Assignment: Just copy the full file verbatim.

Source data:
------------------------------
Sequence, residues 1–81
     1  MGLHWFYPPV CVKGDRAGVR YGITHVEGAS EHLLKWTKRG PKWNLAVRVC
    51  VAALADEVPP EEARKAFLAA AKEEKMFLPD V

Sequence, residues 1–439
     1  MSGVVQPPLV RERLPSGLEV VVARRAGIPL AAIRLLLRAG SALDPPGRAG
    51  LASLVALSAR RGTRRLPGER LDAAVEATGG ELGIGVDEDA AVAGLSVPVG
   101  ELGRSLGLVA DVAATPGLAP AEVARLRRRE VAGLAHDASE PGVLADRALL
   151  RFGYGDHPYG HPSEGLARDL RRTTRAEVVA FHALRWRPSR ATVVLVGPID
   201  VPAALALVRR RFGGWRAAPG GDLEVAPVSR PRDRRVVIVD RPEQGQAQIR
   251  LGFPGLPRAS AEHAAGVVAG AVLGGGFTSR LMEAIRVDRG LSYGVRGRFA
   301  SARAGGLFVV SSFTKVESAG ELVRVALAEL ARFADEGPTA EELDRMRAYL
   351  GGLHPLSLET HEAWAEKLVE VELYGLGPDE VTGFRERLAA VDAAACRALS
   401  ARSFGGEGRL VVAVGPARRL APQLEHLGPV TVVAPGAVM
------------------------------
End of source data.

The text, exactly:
Sequence, residues 1–81
     1  MGLHWFYPPV CVKGDRAGVR YGITHVEGAS EHLLKWTKRG PKWNLAVRVC
    51  VAALADEVPP EEARKAFLAA AKEEKMFLPD V

Sequence, residues 1–439
     1  MSGVVQPPLV RERLPSGLEV VVARRAGIPL AAIRLLLRAG SALDPPGRAG
    51  LASLVALSAR RGTRRLPGER LDAAVEATGG ELGIGVDEDA AVAGLSVPVG
   101  ELGRSLGLVA DVAATPGLAP AEVARLRRRE VAGLAHDASE PGVLADRALL
   151  RFGYGDHPYG HPSEGLARDL RRTTRAEVVA FHALRWRPSR ATVVLVGPID
   201  VPAALALVRR RFGGWRAAPG GDLEVAPVSR PRDRRVVIVD RPEQGQAQIR
   251  LGFPGLPRAS AEHAAGVVAG AVLGGGFTSR LMEAIRVDRG LSYGVRGRFA
   301  SARAGGLFVV SSFTKVESAG ELVRVALAEL ARFADEGPTA EELDRMRAYL
   351  GGLHPLSLET HEAWAEKLVE VELYGLGPDE VTGFRERLAA VDAAACRALS
   401  ARSFGGEGRL VVAVGPARRL APQLEHLGPV TVVAPGAVM